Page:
Wash your hands with soap is a statement that is ubiquitous amidst the COVID-19 outbreak. It is now becoming a staple habit amongst people all over the world as the crisis worsens. Some of them have even gone to the extent of crisis shopping and stocking up on essential supplies and honestly anything else that they can find in supermarkets. At the centre of it all though, is this mystical product called soap.
This precaution is literally propagated by everyone because it does have the science to back it up. Washing hands with soap can effectively protect individuals from getting infected by viruses. It is a tried and tested method that has actually been around for a long time. According to LiveScience, the invention of soap dates back to the Egyptian civilisation where it was used for hygiene purposes as well as treating skin infections.
It is well known that respiratory viruses such as Influenza and COVID-19 tend to spread through droplets. When an individual is sick and they sneeze or cough, tiny droplets of moisture are expelled through the mouth and nose. One way of contracting the illness is when these droplets land on someone else’s mouth or nose. Sometimes these droplets can fall on desks or chairs or any object and can remain there for a long time, so when an individual comes into contact with these objects they can get infected too.
In the US, The Centers for Disease Control and Prevention has acknowledged that the best way to keep the hands clean is to wash them with soap and to only opt for hand sanitiser when soap is unavailable. They also recommend using hand sanitiser with 60% alcohol. Meanwhile in Malaysia, the health ministry has religiously asked the people to wash hands with, greet people without shaking hands and take all precautions necessary to reduce the spread of COVID-19.
The structure of soap & how it is effective
According to Vox which quoted Palli Thordarson, a chemistry professor, at the Unversity of New South Wales, Sydney, soaps are amphiphiles. They have a unique quality where they are both hydrophilic (water-loving) and lipophilic (fat-loving). When oil is added to water, it does not mix and this is because water repels oil. However, if soap is added to this mixture, the oil will disintegrate into smaller droplets and scatter across the mixture. This is because the soap tears it up due to its two sides, water-loving and fat-loving.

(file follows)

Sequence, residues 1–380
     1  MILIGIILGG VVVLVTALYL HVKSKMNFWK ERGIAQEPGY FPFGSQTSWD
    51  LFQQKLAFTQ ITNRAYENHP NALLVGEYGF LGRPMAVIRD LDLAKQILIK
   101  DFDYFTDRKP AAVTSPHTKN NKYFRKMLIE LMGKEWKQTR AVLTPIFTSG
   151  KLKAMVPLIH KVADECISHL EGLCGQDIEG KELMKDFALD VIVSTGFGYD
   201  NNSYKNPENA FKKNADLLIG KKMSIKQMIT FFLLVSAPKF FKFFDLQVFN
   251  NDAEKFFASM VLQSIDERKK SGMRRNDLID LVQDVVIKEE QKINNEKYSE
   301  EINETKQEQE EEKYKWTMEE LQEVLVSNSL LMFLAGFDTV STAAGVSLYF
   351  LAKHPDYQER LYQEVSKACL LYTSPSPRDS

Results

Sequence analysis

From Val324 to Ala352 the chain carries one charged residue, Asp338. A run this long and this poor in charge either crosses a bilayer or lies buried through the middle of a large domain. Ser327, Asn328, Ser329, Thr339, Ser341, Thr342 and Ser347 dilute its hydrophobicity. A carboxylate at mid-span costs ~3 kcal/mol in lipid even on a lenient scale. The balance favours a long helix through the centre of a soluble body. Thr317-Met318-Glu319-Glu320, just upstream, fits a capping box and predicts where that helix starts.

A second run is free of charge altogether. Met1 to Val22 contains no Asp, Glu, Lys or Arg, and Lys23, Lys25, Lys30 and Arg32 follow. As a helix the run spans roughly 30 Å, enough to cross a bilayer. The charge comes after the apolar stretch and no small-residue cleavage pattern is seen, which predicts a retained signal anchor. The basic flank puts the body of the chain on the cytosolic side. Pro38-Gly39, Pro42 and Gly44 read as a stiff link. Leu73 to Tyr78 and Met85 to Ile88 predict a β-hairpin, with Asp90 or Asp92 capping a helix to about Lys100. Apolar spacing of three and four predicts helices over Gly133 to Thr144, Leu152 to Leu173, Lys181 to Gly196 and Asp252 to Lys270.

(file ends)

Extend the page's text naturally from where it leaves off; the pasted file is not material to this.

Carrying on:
Viruses either have RNA or DNA (genetic information), and a protein coat to hold it in place, some of them tend to have fat or protein envelopes too. This structure is what makes soap extremely efficient in killing the virus.
It is essentially, the duality element of soap that helps to destroy viruses. When soap does come into contact with it, it pulls the virus apart because of its hydrophilic and lipophilic ends. It acts the same way it did with the oil and dissolves the fat membrane of the virus. It disrupts it and gets attracted to the fat and protein layer, only to pull it apart and render the virus incapable.
“You pull the virus apart, you make it soluble in water, and it disintegrates.”
Thordarson explains that the most crucial element of all of this is time. Our hands have tiny folds and crevices, so when soap is applied and lathered, one needs to give it at least 20 seconds for the soap to function in killing off viruses.
“You do need a bit of time for all the soap to interact back and forth with the virus particle.”
He explained that all you need is normal soap, nothing fancy and that the antibacterial products are basically just expensive versions of soap. Alcohol wipes are good in situations where soap is not practical or available.
For a visual explanation about the effectiveness of soap against COVID-19, check out this video from Cheddar: